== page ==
I came away inspired. 

The exhibition opened with an enormous painting showing a panoramic view of Vauxhall Gardens, and a table mounted model of the layout. I saw the tree-lined avenues, the exotic buildings and fanciful lighting schemes and was hooked. My creative juices flowed and I had to know more as it seemed such a wonderful setting for adventure and romance (which indeed, was why the gardens were so popular in their heyday). There were artefacts such as tickets and metal season tickets (polished to a shine by the hands that held them), paintings that once hung on the walls of the supper boxes (and would have been gazed on as patrons ate their slices of cobweb-thin ham), and scores for the music composed by Handel to be played there. I learnt the Foundling Hospital had links to Vauxhall, and famous patrons such as the painter, William Hogarth, and the composer, George Frederic Handel, worked with the gardens on events to raise money for the foundling cause. 

This sent me off on a tangent, on a later date visiting Hogarth’s house in London, to chase the painter’s connection to Vauxhall and investigate his lifestyle. Visiting was another wonderful experience since his home is one of those places where you sense history in the walls, and thrill that you occupy the same space (albeit hundreds of years later) where the great man once lived. It transpired the Vauxhall’s proprietor in the mid 1700’s, Jonathan Tyers, employed master painters to provide high class pictures for the salons and supper boxes…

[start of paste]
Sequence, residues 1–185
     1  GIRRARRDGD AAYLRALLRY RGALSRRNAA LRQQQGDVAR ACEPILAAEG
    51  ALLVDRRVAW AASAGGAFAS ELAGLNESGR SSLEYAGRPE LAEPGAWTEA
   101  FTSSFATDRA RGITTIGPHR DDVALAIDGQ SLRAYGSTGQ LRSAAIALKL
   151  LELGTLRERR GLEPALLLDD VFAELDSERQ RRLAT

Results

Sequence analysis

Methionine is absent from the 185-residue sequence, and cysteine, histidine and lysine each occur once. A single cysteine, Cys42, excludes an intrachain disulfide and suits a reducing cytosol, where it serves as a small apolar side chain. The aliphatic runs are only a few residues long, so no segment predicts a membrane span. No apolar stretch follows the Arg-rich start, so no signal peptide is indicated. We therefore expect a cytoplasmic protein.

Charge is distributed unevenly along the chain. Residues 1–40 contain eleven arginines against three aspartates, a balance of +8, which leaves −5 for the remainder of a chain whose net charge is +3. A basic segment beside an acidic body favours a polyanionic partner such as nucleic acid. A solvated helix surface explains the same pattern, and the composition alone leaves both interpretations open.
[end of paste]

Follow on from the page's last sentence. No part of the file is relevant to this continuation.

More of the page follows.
Curiosity or research? 

I decided to create my own fictional version of Vauxhall, and use ‘Foxhall’ as a common character running through a series of Georgian romances based there. This doesn’t mean the history is compromised, because I adhere to strict accuracy, but it gave me designing my own layout gave me scope for further stories. Indeed, having learnt so much about Vauxhall, January this year I visited the site of the old pleasure gardens (and blogged about it: London Then and Now: Vauxhall Pleasure Gardens ). However, I came away disappointed by the experience.

The gardens closed in mid Victorian times and housing built on the site. During the World War II the houses were bombed and mostly destroyed. In the 1950’s the council decided to return some land to being a green space again, in tribute to the famous pleasure gardens, but also none of the actual landmarks remain to the present day. Sad, very sad. However, all is not lost because the gardens live on in spirit within the pages of The Ringmaster’s Daughter…

You can buy The Ringmaster's Daughter here:

And you can learn more about Grace and about her work in these places:

Subscribe to Grace’s quarterly newsletter here:

Grace’s blog ‘Fall in Love With History’

Grace on Twitter: @Grace_Elliot

I'd like to thank Grace Elliot for joining us today with this interesting look at her research, and I know we all wish her much success with this new book.